Your giles would work fine. I started out with a Midwest Giles with a SuperTigre 1.43 (2300) about 8 or 9 years ago.

As for contests close... there are at least three in Illinois within 3.5 hours. These would most likely be the closest ones for you. There's one on the east side of St Louis in Pontoon Beach. There's one in Effingham. There's one in Browns. This is assuming of course that all of these contests will be returning next season. There are two contests in Clinton, IN, just north of Terre Haute, that are run at a full scale airport as well.

Good luck and keep the questions coming!

Gary H.

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Old 09-26-2010, 02:04 PM
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Default RE: Looking into competing and have questions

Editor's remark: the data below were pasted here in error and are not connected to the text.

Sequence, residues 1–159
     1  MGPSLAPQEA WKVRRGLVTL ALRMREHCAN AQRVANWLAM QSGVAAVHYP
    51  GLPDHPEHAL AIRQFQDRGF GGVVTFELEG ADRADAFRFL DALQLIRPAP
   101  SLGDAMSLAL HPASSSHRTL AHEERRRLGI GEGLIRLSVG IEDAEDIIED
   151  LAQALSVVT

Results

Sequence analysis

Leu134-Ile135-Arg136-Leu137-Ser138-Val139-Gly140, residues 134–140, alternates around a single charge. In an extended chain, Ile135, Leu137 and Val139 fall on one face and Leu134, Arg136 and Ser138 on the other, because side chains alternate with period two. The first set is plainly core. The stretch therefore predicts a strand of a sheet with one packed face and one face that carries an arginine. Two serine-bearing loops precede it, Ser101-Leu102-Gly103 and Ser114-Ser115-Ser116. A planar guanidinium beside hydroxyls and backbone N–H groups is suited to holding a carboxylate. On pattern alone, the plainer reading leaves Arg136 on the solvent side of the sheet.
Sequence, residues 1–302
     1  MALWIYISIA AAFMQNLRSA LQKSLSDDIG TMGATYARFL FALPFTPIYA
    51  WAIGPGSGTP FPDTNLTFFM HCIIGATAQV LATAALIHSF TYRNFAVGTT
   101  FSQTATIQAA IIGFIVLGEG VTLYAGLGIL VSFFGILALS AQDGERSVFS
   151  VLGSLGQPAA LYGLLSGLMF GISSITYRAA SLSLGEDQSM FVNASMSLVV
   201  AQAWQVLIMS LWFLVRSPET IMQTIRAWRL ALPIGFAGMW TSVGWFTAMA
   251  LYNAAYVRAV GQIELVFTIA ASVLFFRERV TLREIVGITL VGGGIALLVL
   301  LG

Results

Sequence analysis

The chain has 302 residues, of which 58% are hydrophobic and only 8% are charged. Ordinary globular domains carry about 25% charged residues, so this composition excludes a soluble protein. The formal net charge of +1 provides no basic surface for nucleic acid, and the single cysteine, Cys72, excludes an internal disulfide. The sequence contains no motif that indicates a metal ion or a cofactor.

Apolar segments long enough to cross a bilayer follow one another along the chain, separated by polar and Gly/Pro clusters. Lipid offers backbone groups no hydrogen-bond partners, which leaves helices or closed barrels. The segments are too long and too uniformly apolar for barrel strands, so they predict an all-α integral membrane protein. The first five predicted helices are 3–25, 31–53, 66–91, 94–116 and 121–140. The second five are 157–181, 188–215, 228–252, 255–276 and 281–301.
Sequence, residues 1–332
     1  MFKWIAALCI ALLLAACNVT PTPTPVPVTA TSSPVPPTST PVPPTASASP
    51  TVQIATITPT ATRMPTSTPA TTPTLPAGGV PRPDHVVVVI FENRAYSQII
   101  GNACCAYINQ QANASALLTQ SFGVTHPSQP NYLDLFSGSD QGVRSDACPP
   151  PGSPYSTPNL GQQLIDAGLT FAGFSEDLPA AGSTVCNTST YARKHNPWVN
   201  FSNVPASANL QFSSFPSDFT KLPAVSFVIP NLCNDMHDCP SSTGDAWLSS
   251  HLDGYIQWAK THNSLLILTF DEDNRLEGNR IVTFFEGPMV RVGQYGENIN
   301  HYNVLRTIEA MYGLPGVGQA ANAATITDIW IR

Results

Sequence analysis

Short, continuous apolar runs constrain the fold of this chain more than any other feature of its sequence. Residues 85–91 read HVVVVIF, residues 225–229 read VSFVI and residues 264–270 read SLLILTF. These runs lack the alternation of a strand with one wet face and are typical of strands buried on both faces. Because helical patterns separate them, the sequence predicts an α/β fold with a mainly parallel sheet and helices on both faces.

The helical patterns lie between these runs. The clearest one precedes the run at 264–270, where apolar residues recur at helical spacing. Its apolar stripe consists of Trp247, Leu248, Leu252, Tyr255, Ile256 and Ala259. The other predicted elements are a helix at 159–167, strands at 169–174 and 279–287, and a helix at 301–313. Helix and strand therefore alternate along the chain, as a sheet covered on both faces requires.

thanks gary I may have to get to those! does the bigger plane help? can a 40 size extra compete and be able to win in the lower class?
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Old 09-30-2010, 03:12 PM
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Default RE: Looking into competing and have questions

Does the bigger plane help? Absolutely. I'm not going to lie. Look at it like this... you can use a tack hammer to hammer a 10d nail, or you can use a framing hammer. The framing hammer will sink the nail in a couple swings, assuming you have good aim! The tack hammer is going to put that nail in the board as well, but you're going to have to work a lot harder to get it there! The airplanes are tools to show your ability as a pilot. Having the right tools just makes your job easier.